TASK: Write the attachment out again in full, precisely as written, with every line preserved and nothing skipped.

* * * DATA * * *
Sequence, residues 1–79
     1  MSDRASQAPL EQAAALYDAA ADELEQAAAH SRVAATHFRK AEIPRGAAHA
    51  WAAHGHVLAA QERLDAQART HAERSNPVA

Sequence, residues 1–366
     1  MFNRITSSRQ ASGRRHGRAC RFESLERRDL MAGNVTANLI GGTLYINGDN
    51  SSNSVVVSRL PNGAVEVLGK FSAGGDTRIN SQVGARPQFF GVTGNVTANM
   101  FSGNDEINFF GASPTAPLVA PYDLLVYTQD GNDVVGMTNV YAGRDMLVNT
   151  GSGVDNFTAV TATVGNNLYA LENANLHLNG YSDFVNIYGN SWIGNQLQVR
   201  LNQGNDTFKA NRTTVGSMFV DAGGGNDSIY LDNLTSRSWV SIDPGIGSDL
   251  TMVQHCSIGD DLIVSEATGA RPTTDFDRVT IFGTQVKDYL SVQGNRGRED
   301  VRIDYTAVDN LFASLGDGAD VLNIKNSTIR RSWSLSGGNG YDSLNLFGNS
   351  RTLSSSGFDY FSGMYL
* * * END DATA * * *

Sequence, residues 1–79
     1  MSDRASQAPL EQAAALYDAA ADELEQAAAH SRVAATHFRK AEIPRGAAHA
    51  WAAHGHVLAA QERLDAQART HAERSNPVA

Sequence, residues 1–366
     1  MFNRITSSRQ ASGRRHGRAC RFESLERRDL MAGNVTANLI GGTLYINGDN
    51  SSNSVVVSRL PNGAVEVLGK FSAGGDTRIN SQVGARPQFF GVTGNVTANM
   101  FSGNDEINFF GASPTAPLVA PYDLLVYTQD GNDVVGMTNV YAGRDMLVNT
   151  GSGVDNFTAV TATVGNNLYA LENANLHLNG YSDFVNIYGN SWIGNQLQVR
   201  LNQGNDTFKA NRTTVGSMFV DAGGGNDSIY LDNLTSRSWV SIDPGIGSDL
   251  TMVQHCSIGD DLIVSEATGA RPTTDFDRVT IFGTQVKDYL SVQGNRGRED
   301  VRIDYTAVDN LFASLGDGAD VLNIKNSTIR RSWSLSGGNG YDSLNLFGNS
   351  RTLSSSGFDY FSGMYL